The first thing I want to say, because I’m going to come down hard on you in one area, is that you are a superb writer with a strong plot and a really interesting heroine.  

So what’s the problem?

Motive. Why on earth does Alice, as you’ve characterized her, hang out with Preston? Get into his car? Let him go on doing the repulsive sexual things he does until the inevitable rape? After a while we learn that she loves being treated like a grownup, but by Preston? Loves that enough to put up with what goes with it? It’s just too hard to believe.

There’s no evidence in these pages that she likes him, enjoys him, thinks there’s anything good about him. As for his romantic and sexual moves, not only do they disgust her, but he’s her sister’s husband!  It’s hard enough believing her sister would marry this older jerk with the ghastly manners, bizarre behavior, and receding hairline, but we can assume she’s dumb. Alice we know, and her letting Preston get by with murder with her before he literally murders her sister just doesn’t make a lick of sense. 

There are two things I can think of that will keep this from making the story unbelievable. First, you have to give Preston some appeal. Make him fun, make him endearing in some way, give him a good side. Right now he’s a cartoon villain, and no child of any age with a lick of sense would go anywhere with him after the first time. And if he forced her to, she’d tell somebody. Or if she didn’t, she’d act so traumatized that somebody would notice and question her until she spilled or they got suspicious. But this issue is entirely solved if he’s got some good points to balance the awful ones.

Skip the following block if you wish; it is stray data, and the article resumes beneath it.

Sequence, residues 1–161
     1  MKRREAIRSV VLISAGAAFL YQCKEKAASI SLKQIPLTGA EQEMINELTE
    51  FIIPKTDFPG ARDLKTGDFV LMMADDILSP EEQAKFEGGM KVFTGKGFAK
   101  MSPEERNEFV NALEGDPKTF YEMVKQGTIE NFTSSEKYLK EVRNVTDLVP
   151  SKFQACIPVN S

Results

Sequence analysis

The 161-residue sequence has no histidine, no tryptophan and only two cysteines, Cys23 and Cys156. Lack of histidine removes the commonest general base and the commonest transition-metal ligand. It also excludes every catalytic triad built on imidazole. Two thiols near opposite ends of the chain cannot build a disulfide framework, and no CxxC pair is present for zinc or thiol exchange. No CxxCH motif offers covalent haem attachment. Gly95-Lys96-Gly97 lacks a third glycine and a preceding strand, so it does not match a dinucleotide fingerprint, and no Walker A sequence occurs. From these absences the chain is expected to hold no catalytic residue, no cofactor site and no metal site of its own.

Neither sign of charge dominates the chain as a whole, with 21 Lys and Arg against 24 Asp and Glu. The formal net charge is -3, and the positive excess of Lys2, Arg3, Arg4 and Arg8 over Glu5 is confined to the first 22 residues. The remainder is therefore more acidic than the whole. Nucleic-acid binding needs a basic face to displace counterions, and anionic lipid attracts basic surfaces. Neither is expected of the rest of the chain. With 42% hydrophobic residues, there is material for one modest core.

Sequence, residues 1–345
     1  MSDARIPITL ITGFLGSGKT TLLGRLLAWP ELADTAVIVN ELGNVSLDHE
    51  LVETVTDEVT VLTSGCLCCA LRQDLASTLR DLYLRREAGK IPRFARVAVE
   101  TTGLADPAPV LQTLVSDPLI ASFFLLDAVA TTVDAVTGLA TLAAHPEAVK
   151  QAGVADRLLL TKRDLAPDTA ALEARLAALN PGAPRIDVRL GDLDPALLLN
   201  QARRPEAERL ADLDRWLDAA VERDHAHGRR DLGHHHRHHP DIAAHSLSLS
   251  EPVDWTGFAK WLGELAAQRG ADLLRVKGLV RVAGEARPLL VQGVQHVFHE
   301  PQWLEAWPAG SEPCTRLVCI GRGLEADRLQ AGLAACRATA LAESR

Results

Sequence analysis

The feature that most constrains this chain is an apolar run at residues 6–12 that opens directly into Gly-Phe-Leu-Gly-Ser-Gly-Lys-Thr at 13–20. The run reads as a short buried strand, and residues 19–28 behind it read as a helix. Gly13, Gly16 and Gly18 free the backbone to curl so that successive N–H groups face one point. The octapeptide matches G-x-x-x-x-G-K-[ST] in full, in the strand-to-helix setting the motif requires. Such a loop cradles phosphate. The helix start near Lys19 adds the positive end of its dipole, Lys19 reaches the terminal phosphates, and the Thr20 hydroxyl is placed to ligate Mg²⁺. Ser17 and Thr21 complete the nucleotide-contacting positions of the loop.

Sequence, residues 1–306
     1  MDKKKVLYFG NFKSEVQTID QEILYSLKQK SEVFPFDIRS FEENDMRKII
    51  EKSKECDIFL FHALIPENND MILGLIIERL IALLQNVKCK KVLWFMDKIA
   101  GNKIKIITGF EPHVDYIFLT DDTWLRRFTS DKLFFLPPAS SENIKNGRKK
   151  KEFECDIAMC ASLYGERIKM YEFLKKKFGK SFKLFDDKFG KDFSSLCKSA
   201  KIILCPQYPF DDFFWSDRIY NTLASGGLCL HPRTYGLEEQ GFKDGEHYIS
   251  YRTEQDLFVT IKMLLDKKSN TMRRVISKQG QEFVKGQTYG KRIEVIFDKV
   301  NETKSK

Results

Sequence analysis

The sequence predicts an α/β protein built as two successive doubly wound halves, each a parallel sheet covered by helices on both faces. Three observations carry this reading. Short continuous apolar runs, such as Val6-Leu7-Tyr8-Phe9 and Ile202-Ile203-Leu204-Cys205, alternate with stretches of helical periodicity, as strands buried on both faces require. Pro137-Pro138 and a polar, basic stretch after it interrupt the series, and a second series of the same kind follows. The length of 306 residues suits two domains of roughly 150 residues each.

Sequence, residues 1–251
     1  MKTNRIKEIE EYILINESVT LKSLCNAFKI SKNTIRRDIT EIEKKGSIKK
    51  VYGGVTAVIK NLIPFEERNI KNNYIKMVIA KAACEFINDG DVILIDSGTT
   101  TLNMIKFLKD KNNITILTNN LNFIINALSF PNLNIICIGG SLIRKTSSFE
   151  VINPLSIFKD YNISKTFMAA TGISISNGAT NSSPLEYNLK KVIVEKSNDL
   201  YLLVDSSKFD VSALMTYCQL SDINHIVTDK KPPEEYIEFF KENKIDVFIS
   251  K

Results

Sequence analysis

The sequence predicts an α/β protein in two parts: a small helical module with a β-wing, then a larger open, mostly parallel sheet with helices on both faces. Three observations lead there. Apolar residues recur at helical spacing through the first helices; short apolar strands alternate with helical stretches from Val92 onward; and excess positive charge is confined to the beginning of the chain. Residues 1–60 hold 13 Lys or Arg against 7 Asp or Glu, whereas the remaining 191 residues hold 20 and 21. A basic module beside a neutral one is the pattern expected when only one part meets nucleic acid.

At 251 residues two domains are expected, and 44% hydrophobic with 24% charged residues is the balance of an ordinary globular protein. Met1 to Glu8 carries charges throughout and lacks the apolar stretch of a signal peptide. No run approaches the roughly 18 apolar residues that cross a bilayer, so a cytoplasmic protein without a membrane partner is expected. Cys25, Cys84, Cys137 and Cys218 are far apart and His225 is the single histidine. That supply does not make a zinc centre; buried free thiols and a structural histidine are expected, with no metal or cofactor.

Second, you need to have Alice get something out of their encounters that’s important to her. It’s not enough just to let us know that he treats her like a grown-up–show him doing that, show her reveling in it, have him be sweet about it. Let us know from the get-go how bad things are at home, which will set up her need for the “love” he showers on her. 

Of course, you show us her mounting awareness that what he’s doing–what they’re doing–is wrong. Really wrong. The older she gets the more she realizes how wrong it is, the more she tries to extricate herself from the relationship the more threatening he becomes, and so on. 

If she’s going to survive this ghastly childhood, you might consider having Preston leave her alone for periods. Or having him be away for some reason for a while. Or simply having him not be “at” her all that often. 

Alice is a wonderfully developed character who’ll be totally convincing–if you can just make the reader understand why she lets Jack do what she does.